The appearance of our Cro-Magnon ancestors around 40,000 BC propelled the human species to the top of the food chain, making them the most dangerous predators on earth. Skilful and formidable hunters, the Cro-Magnons ate protein (meat) as their fuel. At this point, the digestive attributes of Blood Type O reached its fullest expression.

Type A blood appeared somewhere in Asia or the Middle East between 25,000 and 15,000 BC in response to change from hunter gatherer to a more domesticated agrarian lifestyle, stable communities and permanent living structures. This produced an entirely new mutation in the digestive tracts and immune systems of the Neolithic peoples, allowing them to better tolerate and absorb cultivated grains and other agricultural products. Because Type A emerged as more resistant to infections common to densely populated areas, urban, industrialised societies quickly became Type A.Blood Type B developed sometime between 10,000 and 15,000 BC in the Himalayan highlands, and may have intially mutated in response to climactic changes among a mix of Caucasian and Mongolian tribes. This nomadic population and the races migrating to Europe, Asia and the Americas did best on a very varied diet, which included meat and dairy products.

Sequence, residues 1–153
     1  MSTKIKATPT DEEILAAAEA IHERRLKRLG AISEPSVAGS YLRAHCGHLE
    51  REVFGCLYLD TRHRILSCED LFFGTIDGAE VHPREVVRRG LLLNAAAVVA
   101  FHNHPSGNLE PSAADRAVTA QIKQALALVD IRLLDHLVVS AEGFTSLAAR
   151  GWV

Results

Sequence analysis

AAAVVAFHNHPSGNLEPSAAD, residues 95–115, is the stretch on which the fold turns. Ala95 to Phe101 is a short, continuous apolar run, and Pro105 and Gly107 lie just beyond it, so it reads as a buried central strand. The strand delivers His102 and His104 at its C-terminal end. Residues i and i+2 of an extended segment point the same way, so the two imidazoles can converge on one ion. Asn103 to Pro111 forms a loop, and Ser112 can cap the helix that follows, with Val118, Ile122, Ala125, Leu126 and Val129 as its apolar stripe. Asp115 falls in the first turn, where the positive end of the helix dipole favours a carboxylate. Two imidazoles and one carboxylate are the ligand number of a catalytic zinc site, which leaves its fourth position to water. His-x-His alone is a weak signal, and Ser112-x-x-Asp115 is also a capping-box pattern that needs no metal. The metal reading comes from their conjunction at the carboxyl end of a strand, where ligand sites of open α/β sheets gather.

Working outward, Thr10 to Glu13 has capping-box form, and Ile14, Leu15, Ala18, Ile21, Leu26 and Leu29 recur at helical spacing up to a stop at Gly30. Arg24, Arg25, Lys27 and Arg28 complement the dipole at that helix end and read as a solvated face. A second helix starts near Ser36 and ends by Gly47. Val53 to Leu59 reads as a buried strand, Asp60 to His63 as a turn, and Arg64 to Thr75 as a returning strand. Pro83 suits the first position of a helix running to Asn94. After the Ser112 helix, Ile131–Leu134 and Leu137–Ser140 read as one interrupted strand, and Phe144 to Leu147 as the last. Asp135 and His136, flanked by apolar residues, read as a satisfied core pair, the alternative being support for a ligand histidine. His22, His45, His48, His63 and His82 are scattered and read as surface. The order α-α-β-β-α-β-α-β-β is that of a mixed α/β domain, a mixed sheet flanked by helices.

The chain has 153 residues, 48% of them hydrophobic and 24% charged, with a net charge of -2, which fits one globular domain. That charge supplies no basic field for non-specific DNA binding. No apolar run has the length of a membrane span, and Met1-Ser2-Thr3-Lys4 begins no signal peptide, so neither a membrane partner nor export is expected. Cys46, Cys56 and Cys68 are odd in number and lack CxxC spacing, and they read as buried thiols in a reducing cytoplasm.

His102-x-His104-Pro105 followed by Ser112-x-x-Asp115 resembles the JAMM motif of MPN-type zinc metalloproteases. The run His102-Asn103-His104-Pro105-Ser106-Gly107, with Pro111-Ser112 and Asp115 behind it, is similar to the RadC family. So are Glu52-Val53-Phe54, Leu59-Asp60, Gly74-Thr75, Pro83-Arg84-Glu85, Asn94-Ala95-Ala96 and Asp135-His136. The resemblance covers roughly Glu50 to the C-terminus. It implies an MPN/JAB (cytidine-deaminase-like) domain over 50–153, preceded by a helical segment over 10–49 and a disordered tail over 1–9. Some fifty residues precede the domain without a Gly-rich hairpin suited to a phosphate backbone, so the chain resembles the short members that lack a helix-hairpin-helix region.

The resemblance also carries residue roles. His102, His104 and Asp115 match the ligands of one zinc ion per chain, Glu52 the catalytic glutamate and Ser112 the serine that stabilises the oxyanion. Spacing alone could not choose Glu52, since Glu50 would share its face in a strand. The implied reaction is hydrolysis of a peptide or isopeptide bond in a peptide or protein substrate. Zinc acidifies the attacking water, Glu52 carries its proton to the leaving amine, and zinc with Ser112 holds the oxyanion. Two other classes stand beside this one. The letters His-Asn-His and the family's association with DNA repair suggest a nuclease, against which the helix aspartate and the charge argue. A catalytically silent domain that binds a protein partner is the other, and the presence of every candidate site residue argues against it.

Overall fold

Type AB, only present in 5 per cent of the population, emerged from the intermingling of Type A Caucasians with Type B Mongolians 10-12 centuries ago, when a large western migration of eastern peoples took place.

This resulted in a multi faceted blood type identity, and an immune system with an enhanced ability to manufacture more specific antibodies to microbial infections.

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Written by What Doctors Don't Tell You

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